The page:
Are you the type of person who likes to dress your best before boarding a flight? If so, then you may end up with a friendlier flying experience—and even a bit more legroom—than your fellow passengers! Here’s why…
Dress for the flight attendants—and enjoy an upgrade
Writer Sophie Claire-Hoeller with Insider details her recent experience with a flight attendant who complimented her on her boots, a chance encounter that ended up revealing a whole lot about the way in which perks are doled out on flights.
According to her, the airline employee expressed his gratitude for smartly-dressed passengers because “no one does that anymore.”
Now, dressing nicely for your flight won’t just bring forth compliments—it can also help you land an unexpected upgrade. In an interview with the New York Times, longtime United Airlines flight attendant Kate Linder confirms what we all know to be true about dressing sharply.
“I will say that when I see someone come on the plane and they’re dressed nicely and their children are dressed nicely, I do take notice,” Linder says.
Of course, no airline will come out and reveal the wardrobe bias, but there is plenty of strong anecdotal evidence that settles the argument. George Hobica, founder of Airfare Watchdog, remembers when this specific aspect of air travel became clear to him.
After being chosen out of a group of fellow passengers for a first-class upgrade despite not having status on the airline, Hobica realized something—he was the only one at the gate who wasn’t wearing “sandals or gym clothes.”
After recognizing this detail, he asked a Lufthansa gate agent what her thoughts were on his theory.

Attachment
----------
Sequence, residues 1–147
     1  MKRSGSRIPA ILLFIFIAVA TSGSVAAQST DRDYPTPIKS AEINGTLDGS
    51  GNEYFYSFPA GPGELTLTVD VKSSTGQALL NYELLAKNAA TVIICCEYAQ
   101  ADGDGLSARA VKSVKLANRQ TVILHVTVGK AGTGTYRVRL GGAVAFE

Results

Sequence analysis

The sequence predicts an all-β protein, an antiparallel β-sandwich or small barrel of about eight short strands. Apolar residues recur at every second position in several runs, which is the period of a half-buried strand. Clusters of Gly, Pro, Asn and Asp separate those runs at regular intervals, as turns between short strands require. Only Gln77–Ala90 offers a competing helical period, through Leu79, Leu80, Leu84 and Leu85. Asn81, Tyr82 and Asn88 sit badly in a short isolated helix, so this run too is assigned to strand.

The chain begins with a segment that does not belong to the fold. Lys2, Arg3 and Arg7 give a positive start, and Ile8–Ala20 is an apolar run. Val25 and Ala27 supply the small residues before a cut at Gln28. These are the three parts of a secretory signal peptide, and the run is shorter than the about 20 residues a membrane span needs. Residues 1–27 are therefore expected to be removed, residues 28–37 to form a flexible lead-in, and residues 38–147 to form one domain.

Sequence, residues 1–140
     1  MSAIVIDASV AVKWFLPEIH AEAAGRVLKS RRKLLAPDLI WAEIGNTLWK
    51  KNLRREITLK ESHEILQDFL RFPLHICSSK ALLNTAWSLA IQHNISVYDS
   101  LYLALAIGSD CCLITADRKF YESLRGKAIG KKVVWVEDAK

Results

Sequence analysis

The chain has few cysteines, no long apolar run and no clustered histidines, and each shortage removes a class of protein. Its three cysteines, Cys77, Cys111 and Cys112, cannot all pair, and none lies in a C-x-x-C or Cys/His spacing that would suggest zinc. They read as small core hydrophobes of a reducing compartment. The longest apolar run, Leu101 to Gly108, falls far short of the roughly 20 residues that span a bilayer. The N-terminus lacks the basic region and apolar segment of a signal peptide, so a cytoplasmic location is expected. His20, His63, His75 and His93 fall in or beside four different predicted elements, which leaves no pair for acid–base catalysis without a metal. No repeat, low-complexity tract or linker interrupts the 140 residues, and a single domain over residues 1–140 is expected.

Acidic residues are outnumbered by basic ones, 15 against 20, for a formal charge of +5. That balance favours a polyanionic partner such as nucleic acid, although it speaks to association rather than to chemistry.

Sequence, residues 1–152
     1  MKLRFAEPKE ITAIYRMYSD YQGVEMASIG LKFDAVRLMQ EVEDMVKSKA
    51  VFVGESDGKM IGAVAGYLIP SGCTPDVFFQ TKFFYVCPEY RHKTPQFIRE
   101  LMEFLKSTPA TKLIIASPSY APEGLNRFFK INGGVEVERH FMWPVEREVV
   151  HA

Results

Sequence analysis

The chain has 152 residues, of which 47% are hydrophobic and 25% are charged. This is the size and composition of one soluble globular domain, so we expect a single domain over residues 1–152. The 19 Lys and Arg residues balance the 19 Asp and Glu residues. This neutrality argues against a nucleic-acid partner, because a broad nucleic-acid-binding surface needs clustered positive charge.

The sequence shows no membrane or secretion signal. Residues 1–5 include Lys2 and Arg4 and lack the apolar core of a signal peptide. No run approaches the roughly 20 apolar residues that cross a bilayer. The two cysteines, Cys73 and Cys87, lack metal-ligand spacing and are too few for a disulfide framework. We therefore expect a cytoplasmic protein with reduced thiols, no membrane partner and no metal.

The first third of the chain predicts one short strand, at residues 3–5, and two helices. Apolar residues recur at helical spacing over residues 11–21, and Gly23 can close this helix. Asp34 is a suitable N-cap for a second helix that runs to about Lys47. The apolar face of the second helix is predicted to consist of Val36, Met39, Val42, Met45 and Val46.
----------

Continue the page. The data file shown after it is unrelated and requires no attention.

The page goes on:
“She told me she would upgrade people based on how good-looking they are, how pregnant they are, or how nicely they’re dressed,” Hobica says.
Well, that settles it…
Sure, the preference may not SEEM fair, but it’s clear that, when given the choice, flight attendants would much rather place passengers in first or business class if they look well-kempt and presentable. We’re not going to lie—it is a bit of an elitist attitude, but that’s how the world works, folks!
Why some airlines have had enough of ultra-casual passengers
Back in March, United Airlines came under attack for implementing a little-known policy on a flight from Denver to Minneapolis.
According to a fellow passenger who was chronicling a play-by-play via Twitter as the event went down, two young teenage girls wearing gray spandex pants were told that they couldn’t board their plane unless they made “adjustments” to their outfits.
Perhaps unsurprisingly, the story when viral, even catching the attention of celebrities Chrissy Teigen and Patricia Arquette, who publicly railed United for enforcing its bizarre policy.
As it turns out, the young passengers were actually flying on what is called a “United Pass”, a privilege that is only given to friends or family members of United Airlines employees. According to the airline, the rules plainly state that these special passengers won’t be allowed to board if they are wearing, among other things, spandex leggings.
Policies aside, what makes this particular incident so important is the fact that, despite the overwhelmingly negative public response, United refused to offer a mea culpa. Pretty indicative of their stance on attire, if you ask us.
Hey—we’re not saying that we agree with the policy per se, but their unwillingness to compromise has made us think twice about rocking yoga pants on our next flight!
We’d love to hear your thoughts on proper airplane attire. Do you agree that passengers should dress well on airplanes? Have you ever received preferential treatment while traveling based on what you were wearing? Do you think leggings should be banned from airplanes?